Last February, we reported on Dunn v Institute of Cemetery and Crematorium Management, which suggested that it could be unlawful to discriminate because a person is married to a particular person, and not simply on the ground that he or she is married. Hawkins v (1) Atex Group Ltd (2) Age Korsvold (3) Malo de Molina (4) Reardon looks at this issue and makes the point that it is crucial that the relationship is one of marriage (or civil partnership), and not just any close personal relationship. The case arose when a husband, wife, and their daughter were all dismissed on the ground that the husband had disobeyed a company instruction not to employ family members. His wife did not have enough service to make a claim of unfair dismissal, and so brought a claim alleging that the dismissal was discrimination on the ground of marital service. The claim was struck out as having no reasonable prospect of success and the Employment Appeal Tribunal upheld this decision.
The Equality Act 2010, like its predecessors, protects those with the protected characteristic of marriage from discrimination on the ground of that characteristic. Does this concept, originally introduced to deal with the outmoded practice of dismissing women as soon as they married, which still continued into the 1960s, have any current relevance in the 21st century?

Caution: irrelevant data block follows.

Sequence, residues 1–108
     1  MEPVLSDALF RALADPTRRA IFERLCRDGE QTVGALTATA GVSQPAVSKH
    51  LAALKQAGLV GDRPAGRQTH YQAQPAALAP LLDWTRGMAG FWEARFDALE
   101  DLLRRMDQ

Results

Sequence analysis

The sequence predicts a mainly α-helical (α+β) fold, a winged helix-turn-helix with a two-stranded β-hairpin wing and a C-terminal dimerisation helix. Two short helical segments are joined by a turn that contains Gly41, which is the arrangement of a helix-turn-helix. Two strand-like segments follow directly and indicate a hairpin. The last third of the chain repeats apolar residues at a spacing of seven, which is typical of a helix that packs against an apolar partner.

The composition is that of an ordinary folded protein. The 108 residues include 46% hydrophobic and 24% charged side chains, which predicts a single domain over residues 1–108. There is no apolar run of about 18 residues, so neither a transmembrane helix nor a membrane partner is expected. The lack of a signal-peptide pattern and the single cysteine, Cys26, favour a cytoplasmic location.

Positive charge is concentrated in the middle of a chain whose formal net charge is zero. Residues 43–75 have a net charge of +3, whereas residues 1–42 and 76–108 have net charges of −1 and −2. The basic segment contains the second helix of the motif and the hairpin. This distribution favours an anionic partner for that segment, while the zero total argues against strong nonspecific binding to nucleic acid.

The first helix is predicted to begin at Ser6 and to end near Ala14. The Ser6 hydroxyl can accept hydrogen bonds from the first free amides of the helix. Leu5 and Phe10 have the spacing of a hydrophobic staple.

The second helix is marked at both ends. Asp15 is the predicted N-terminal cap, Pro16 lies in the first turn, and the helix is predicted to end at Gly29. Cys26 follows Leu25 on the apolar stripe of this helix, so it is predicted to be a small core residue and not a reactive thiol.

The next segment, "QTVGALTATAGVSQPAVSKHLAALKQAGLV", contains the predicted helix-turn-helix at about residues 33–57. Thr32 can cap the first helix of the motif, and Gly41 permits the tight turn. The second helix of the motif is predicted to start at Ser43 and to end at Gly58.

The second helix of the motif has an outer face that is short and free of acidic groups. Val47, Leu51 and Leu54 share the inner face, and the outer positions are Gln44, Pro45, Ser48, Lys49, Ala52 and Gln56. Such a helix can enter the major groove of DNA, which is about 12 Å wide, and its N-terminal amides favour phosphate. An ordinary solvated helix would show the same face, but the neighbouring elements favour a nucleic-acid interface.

Dunn v The Institute of Cemetery and Crematorium Management shows that it still has a place in modern employment law. In this case, the Employment Appeal Tribunal (EAT) looked at a situation where the discrimination did not take place simply because the claimant was married, but because she was married to a particular individual. Mrs Dunn was unfairly constructively dismissed, and alleged that the reason for this was that she was married specifically to her husband: Mr Dunn was also employed by the same employer, and in dispute with it over his other business interests. There was no evidence that the unfavourable treatment was because of her marital status alone, so the claim could only succeed on this ground if discrimination on the grounds of marital status extends to cover the situation of being married to a particular person. Continue reading